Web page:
• Neutroelectric — Dartmouth College
  • Chord — Harvard University and MIT
  • Modulus — Housing Solutions IIT Madras (India)
  • Treyetech — Johns Hopkins University
  • Avesta76 — Johns Hopkins University
  • Zilper Trenchless — Massachusetts Institute of Technology
  • AeroShield — Massachusetts Institute of Technology
  • Vita Inclinata Technologies — Mitchell Hamline School of Law
  • BetterLife — Nanyang Technological University (Singapore)
  • Sunthetics — New York University
  • Rhaeos — Northwestern University
  • Odin Technologies — Northwestern University
  • RagnaRock Geo — Norwegian University of Science and Technology (NTNU)
  • Hearth Labs — Princeton University
  • LilySpec — Rice University
  • PL Biosciences RWTH — Aachen University (Germany)
  • NABACO — Texas State University
  • Embryologic — University of California, Irvine
  • MiVUE — UCLA
  • Tutorfly — UCLA
  • Vascugenix — University of Arkansas at Little Rock
  • Respira Labs — University of California, Berkeley
  • AC Biode — University of Cambridge (United Kingdom)
  • Beltech — University of Chicago
  • BrewBike — University of Chicago and Northwestern University
  • Curenav — University of Houston
  • Speeko — University of Iowa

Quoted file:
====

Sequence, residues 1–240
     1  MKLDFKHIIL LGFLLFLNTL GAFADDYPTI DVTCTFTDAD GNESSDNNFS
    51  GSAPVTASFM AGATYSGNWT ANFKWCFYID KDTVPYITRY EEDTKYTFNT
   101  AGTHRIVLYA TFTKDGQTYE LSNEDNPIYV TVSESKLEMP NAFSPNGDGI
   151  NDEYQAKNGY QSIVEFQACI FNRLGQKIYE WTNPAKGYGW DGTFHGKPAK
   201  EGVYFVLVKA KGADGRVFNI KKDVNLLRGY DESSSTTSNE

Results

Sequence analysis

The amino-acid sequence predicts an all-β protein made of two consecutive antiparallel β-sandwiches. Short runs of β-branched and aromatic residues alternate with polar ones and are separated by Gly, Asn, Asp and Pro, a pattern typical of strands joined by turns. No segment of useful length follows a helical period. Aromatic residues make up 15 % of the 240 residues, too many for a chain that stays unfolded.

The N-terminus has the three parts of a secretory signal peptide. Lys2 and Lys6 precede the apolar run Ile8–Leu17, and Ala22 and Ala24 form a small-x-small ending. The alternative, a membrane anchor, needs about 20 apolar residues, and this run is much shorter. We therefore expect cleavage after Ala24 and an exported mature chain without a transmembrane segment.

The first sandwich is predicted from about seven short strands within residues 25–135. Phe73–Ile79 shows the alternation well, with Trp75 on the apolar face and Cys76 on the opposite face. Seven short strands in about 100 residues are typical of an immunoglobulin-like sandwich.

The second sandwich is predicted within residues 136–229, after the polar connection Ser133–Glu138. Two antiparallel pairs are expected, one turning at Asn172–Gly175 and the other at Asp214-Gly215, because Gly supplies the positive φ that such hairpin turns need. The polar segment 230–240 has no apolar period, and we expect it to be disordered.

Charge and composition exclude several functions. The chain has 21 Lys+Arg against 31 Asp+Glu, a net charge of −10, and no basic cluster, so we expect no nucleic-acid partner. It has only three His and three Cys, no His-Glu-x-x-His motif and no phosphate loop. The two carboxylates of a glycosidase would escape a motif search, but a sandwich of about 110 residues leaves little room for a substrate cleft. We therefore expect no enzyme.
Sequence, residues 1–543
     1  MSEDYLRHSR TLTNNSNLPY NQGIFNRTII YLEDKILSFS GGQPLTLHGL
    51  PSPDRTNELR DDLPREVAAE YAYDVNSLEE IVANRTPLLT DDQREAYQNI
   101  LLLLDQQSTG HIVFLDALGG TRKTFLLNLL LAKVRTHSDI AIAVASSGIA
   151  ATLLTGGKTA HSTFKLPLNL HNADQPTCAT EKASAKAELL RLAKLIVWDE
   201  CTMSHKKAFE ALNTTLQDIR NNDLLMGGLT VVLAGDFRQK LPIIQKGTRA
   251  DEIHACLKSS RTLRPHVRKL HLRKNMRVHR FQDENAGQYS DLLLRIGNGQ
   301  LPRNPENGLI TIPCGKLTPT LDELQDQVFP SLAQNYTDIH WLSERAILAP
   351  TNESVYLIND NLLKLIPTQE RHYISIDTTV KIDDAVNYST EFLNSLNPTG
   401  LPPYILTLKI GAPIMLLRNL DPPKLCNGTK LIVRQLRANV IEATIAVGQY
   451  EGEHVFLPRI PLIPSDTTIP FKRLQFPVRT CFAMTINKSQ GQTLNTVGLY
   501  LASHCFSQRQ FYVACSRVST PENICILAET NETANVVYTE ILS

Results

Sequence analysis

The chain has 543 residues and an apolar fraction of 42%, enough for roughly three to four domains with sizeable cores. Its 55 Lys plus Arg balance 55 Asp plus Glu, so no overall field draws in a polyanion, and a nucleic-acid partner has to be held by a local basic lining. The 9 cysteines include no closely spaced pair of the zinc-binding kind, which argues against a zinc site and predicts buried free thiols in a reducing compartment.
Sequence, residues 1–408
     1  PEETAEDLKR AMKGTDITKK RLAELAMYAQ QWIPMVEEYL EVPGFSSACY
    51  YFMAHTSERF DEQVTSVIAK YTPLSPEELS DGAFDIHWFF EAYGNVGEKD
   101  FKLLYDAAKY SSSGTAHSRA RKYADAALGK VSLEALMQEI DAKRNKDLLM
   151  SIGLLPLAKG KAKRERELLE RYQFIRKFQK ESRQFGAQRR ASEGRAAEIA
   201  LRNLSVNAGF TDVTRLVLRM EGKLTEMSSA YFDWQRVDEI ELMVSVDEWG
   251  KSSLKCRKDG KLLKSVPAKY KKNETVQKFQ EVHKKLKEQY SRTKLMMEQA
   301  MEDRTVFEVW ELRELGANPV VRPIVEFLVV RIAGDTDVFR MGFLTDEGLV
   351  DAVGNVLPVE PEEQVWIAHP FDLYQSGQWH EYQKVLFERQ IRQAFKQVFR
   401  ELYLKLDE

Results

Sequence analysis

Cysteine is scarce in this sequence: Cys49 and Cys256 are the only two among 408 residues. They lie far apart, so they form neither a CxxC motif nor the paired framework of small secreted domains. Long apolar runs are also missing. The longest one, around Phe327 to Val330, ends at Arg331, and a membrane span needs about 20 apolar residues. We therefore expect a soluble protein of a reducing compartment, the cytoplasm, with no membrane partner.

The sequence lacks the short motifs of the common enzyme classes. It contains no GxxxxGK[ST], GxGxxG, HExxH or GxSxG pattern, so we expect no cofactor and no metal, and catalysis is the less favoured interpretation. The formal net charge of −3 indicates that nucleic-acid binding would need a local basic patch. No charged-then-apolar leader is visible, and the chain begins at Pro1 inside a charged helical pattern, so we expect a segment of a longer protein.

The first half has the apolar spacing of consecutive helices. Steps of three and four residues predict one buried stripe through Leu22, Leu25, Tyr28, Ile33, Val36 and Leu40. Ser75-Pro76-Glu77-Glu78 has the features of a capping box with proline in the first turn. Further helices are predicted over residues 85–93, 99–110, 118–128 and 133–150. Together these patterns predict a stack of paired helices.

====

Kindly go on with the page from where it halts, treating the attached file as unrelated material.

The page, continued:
• Calcium Solutions — University of Michigan
  • Dough — University of Michigan
  • dermadiagnostics — University of Notre Dame
  • Resonado — University of Notre Dame
  • Heart I/O — University of Pittsburgh
  • HRG Infrastructure Monitoring — University of Victoria (Canada)
  • Astrolabe Analytics — University of Washington

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Building Houston

 
 

Molecule has closed new funding in order to focus on the energy transition. Photo via Getty Images

A Houston startup with a software-as-a-service platform for the energy transition has announced it closed a funding round with participation from a local venture capital.

Molecule closed its $12 million series A, and Houston-based Mercury Fund was among the company's investors. The company has a cloud-based energy trading and risk management solution for the energy industry and supports power, natural gas, crude/refined products, chemicals, agricultural commodities, softs, metals, cryptocurrencies, and more.

"We led the seed round of Molecule upon their formation and are excited to participate in their series A," says Blair Garrou, co-founder and managing director of Mercury, in a news release. "Molecule's success in the ETRM/CTRM industry, especially in relation to electricity and renewables, positions them as the company to beat for the energy transition in the 2020s."

The company will use its new funds to further build out its product as well as introduce offerings to manage renewables credits, according to the release.

"In 2020, we realized that electricity — the growth commodity of the 2020s — represented over half of Molecule's customer base, and we decided to double down," says Sameer Soleja, founder and CEO of Molecule, in the release. "We were also rated the No. 1 SaaS ETRM/CTRM vendor. With this fundraise, we have the fuel to become No. 1 SaaS platform for power and renewables, and then the market leader overall.

"Molecule is ready to power the energy transition," Soleja continues.

Molecule's last round of funding closed in November 2014. The $1.1 million seed round was supported by Mercury Fund and the Houston Angel Network.